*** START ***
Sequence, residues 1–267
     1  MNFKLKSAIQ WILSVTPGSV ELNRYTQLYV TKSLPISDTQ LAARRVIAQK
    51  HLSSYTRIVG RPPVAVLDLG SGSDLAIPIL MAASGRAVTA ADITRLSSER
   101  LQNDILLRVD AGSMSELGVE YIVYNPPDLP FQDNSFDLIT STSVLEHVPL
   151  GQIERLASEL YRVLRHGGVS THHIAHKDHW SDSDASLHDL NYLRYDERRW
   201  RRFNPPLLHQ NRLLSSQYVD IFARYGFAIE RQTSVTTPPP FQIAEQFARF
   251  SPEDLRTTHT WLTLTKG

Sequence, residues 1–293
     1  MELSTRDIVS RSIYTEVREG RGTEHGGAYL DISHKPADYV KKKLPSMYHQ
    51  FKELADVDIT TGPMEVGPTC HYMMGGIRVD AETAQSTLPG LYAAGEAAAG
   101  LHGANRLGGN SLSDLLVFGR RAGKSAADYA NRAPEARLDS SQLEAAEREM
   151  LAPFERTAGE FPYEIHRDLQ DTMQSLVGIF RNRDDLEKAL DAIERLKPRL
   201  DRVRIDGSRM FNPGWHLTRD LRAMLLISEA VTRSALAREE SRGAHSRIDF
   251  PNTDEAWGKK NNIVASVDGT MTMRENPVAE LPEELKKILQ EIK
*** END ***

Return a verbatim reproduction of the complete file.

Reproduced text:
Sequence, residues 1–267
     1  MNFKLKSAIQ WILSVTPGSV ELNRYTQLYV TKSLPISDTQ LAARRVIAQK
    51  HLSSYTRIVG RPPVAVLDLG SGSDLAIPIL MAASGRAVTA ADITRLSSER
   101  LQNDILLRVD AGSMSELGVE YIVYNPPDLP FQDNSFDLIT STSVLEHVPL
   151  GQIERLASEL YRVLRHGGVS THHIAHKDHW SDSDASLHDL NYLRYDERRW
   201  RRFNPPLLHQ NRLLSSQYVD IFARYGFAIE RQTSVTTPPP FQIAEQFARF
   251  SPEDLRTTHT WLTLTKG

Sequence, residues 1–293
     1  MELSTRDIVS RSIYTEVREG RGTEHGGAYL DISHKPADYV KKKLPSMYHQ
    51  FKELADVDIT TGPMEVGPTC HYMMGGIRVD AETAQSTLPG LYAAGEAAAG
   101  LHGANRLGGN SLSDLLVFGR RAGKSAADYA NRAPEARLDS SQLEAAEREM
   151  LAPFERTAGE FPYEIHRDLQ DTMQSLVGIF RNRDDLEKAL DAIERLKPRL
   201  DRVRIDGSRM FNPGWHLTRD LRAMLLISEA VTRSALAREE SRGAHSRIDF
   251  PNTDEAWGKK NNIVASVDGT MTMRENPVAE LPEELKKILQ EIK